Moment that mattered: The ‘bionic eye’ recieves FDA approval
I’ve always thought the Argus II (a retinal prosthesis, dubbed the ‘bionic eye’, that can restore partial sight to people blinded by degenerative eye disease) was fantastic, and have spent the last few years conducting trials with it in the UK. Approval by the FDA in the US – the holy grail of regulators – is a critical step. Research medicine is littered with things that had promise but failed, and you learn early that if you are at the front end of things, then you may put a lot of time into something that fails. Regulatory permission from the FDA is a very powerful independent verifier that the thing you’ve given a large chunk of your life to is bona fide.
You can treat lots of things as an eye surgeon, but there is a large group of people that you can’t help. They are usually told ‘I am afraid it is too late now, you are blind’. It’s frustrating, so to have a device that starts with the worst cases and actually delivers, as well as offering the possibility of getting better and better over the years is fantastic.
It’s an enormous battle to get a clinical trial to the stage where you do a patient surgery. Before that, it is years of paperwork, battles for funding, regulatory hurdles and petty hospital politics. It can feel like everyone is trying to stop anything from happening at all – so when you do your first patient there is an enormous relief that you have actually made it. It’s a funny position to be in that you have actually taken all the beatings before you even operate.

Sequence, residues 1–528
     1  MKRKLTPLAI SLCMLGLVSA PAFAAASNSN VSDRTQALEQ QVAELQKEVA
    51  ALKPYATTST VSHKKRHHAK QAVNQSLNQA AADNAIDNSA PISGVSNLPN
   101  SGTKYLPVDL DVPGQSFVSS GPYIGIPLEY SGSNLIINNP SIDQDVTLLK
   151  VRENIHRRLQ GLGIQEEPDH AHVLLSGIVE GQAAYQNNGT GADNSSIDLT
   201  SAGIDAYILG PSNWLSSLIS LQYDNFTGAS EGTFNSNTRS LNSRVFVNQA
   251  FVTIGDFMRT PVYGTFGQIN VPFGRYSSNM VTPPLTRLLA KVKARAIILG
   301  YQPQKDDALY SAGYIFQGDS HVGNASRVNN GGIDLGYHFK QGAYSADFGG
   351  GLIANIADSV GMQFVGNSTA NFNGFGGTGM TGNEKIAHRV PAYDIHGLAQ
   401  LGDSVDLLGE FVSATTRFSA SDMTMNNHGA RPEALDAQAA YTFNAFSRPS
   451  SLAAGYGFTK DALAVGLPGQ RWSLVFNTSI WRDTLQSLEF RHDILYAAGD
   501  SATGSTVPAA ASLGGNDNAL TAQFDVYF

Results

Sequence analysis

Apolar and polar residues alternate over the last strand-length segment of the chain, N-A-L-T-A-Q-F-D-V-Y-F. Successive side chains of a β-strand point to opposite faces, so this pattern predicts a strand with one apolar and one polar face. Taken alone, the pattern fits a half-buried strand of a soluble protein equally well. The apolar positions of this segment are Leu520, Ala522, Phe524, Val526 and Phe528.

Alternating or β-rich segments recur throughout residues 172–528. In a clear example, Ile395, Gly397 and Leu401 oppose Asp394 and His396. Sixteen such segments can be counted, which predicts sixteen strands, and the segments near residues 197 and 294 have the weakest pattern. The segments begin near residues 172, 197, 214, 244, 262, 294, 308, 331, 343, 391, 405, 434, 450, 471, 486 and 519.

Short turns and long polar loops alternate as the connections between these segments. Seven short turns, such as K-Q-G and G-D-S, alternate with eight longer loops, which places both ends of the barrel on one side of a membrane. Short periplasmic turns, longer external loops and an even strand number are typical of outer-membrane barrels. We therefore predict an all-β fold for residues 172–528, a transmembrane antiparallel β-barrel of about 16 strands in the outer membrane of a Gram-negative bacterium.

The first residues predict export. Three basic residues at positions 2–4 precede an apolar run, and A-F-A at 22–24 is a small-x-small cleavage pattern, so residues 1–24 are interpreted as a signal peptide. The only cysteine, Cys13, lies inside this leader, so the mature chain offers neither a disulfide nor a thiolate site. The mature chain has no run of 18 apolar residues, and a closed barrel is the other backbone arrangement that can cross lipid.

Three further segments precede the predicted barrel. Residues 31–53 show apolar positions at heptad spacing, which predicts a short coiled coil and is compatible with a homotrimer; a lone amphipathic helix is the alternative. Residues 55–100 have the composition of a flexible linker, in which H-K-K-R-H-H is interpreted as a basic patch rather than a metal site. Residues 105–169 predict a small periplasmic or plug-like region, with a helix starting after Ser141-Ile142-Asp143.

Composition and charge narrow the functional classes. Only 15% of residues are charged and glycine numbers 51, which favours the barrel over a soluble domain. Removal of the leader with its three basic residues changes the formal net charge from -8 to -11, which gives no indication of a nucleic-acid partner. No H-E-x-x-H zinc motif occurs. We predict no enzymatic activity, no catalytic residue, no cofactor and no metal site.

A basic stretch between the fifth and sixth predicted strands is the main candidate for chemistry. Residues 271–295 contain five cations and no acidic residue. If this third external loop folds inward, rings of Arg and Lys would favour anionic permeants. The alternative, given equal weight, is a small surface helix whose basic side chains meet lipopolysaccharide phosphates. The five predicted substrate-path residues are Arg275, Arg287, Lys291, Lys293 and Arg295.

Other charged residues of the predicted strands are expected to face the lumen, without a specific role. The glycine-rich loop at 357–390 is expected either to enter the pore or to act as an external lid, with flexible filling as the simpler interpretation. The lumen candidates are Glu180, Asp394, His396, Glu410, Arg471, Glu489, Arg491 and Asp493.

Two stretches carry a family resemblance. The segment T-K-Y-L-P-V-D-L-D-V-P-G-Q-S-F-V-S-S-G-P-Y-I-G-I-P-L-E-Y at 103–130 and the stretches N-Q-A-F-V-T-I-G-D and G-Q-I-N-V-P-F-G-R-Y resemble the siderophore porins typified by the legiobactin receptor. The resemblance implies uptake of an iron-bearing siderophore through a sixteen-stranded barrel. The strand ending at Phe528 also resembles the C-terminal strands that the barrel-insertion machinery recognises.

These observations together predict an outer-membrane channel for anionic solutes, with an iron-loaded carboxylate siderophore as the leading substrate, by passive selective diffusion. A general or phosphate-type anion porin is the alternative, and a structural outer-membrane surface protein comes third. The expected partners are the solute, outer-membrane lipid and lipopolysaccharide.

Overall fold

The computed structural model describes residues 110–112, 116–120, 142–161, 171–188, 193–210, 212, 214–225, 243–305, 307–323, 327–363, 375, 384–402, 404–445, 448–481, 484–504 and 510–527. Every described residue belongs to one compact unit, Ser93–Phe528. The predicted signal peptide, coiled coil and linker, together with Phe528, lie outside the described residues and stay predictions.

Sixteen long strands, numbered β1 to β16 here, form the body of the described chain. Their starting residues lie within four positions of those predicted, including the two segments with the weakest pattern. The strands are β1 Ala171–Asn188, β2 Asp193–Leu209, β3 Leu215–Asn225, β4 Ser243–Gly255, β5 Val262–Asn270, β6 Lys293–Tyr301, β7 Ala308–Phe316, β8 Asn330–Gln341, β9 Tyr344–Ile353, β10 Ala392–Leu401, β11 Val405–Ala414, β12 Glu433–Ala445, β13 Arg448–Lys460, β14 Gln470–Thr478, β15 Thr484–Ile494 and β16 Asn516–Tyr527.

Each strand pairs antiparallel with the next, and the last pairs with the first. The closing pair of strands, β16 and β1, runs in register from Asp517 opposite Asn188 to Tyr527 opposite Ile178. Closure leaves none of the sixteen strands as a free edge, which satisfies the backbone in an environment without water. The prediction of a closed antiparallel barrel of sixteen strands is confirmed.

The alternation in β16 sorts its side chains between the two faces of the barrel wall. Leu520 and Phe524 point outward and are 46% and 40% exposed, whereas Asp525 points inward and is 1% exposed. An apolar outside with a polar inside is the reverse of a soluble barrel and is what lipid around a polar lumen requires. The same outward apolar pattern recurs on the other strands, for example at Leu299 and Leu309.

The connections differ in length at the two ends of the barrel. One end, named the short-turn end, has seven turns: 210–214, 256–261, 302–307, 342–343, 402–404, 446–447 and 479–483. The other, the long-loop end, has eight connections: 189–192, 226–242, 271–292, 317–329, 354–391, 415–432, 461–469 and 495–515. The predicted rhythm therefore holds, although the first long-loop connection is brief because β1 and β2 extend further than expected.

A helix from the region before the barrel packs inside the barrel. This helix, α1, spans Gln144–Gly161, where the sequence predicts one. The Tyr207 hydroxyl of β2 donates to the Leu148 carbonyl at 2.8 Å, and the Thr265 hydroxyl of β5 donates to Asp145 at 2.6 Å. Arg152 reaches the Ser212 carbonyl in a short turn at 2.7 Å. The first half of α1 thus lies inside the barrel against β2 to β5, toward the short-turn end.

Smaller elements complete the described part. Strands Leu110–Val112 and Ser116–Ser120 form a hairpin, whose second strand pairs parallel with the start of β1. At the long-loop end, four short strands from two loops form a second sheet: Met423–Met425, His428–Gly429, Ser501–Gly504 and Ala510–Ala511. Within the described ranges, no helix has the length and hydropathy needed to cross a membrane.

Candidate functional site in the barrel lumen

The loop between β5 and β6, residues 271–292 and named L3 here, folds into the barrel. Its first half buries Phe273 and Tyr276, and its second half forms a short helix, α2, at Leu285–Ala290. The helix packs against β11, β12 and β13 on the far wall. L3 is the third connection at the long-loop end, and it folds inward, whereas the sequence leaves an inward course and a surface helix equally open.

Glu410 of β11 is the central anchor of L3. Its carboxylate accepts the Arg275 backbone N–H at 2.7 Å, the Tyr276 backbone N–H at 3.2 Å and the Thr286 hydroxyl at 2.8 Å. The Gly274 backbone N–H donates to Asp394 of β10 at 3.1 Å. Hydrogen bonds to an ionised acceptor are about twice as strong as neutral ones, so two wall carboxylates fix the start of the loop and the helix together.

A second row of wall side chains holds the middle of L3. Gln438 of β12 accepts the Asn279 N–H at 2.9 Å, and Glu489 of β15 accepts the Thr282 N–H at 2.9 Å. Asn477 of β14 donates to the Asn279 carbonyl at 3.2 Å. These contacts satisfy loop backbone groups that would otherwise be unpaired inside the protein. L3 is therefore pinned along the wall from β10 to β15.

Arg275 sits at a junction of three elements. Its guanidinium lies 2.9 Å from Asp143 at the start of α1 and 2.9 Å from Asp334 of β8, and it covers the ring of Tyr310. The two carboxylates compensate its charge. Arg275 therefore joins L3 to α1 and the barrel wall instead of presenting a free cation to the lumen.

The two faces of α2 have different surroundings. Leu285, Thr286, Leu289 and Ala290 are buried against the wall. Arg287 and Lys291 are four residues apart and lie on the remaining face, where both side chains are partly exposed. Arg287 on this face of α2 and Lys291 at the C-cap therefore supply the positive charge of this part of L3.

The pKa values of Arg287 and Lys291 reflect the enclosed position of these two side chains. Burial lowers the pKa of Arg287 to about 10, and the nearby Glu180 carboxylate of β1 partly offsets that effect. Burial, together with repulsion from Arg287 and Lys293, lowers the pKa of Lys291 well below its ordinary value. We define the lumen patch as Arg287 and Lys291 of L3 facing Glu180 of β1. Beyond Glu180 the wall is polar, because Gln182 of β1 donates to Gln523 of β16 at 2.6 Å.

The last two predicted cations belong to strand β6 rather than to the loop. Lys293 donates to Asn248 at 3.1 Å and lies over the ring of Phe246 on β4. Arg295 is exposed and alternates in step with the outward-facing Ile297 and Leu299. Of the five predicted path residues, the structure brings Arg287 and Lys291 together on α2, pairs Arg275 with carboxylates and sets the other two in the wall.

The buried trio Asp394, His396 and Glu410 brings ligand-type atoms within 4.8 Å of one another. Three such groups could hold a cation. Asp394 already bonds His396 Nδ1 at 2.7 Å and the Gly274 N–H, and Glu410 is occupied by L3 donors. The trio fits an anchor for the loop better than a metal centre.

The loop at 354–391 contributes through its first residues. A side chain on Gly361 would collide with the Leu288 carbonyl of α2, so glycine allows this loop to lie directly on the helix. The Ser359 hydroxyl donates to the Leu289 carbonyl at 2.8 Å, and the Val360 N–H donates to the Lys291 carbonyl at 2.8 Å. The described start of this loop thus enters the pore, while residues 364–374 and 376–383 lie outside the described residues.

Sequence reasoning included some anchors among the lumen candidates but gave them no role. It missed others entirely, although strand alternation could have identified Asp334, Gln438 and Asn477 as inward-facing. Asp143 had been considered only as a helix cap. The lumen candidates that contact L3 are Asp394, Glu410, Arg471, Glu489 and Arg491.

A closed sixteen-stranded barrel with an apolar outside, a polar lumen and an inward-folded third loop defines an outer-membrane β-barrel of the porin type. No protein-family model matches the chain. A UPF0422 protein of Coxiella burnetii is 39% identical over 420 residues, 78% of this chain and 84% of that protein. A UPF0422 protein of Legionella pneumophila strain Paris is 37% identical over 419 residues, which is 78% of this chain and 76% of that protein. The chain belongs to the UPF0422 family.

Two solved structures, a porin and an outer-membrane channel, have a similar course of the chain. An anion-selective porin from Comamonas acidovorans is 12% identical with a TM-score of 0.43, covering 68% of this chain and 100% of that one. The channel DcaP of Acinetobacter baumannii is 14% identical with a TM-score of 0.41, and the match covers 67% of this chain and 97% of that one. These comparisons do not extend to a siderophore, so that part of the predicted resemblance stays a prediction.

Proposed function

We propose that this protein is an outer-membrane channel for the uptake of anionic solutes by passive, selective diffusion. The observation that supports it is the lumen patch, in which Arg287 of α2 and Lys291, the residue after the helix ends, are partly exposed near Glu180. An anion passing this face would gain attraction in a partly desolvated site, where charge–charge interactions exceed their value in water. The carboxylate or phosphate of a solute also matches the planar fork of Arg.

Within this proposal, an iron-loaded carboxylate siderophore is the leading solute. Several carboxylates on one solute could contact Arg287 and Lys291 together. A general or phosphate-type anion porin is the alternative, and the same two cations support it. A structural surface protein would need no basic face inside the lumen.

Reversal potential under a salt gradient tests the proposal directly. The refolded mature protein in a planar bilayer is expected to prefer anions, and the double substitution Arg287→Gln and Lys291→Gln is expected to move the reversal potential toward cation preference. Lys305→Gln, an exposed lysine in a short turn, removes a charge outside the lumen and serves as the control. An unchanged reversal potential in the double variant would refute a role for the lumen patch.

There is an anxiety [in fitting the device], you are doing something new and difficult that is unfamiliar, but it’s exciting. Those first cases are super moments. When you turn the devices on and the patients say ‘Oh, I see that light’ and they turn to the window and they say ‘Oh, it’s really bright there’ – it’s unequalled. Those moments are very rare in science – they are culminations of enormous amounts of work, they come at very unexpected moments and you are lucky to be there. They go in a flash, by the time you are doing your third case, you’ve got used to it all – but what fleeting moments of sheer wonder!
The big problem is managing the expectations, not just with the patients, but the press. They want to interview patients who have pensioned off their guide dogs, hung up their cane and are playing tennis thanks to their new device. I mean their expectations are almost inconceivable and it’s similar with patients. The regulators require that we tell the patients the worst case scenario, almost to a fault. It’s surprising that anyone joins these trials. They are told that their eye might fall out, there might be disfigurement, pain – there is no question that it is geared to zero outcome. But people still come. They offer something incredible to be part of something special.
At the FDA meeting one of the most moving things was when a guy stood up and said: ‘I had never seen my child. Now I get him to put on a white t-shirt and if the other children who come and play with him wear dark t-shirts, I can see my son running around. I can see him waving. It may be limited, but I know I am seeing my child and for me that’s very important’.
The FDA’s decision means that there is essentially worldwide regulatory approval for the first bionic eye. As the US is the largest market, approval there usually means things will progress. Still nothing is certain, but I believe it is a good thing to be part of. I mean you have to take your chances…
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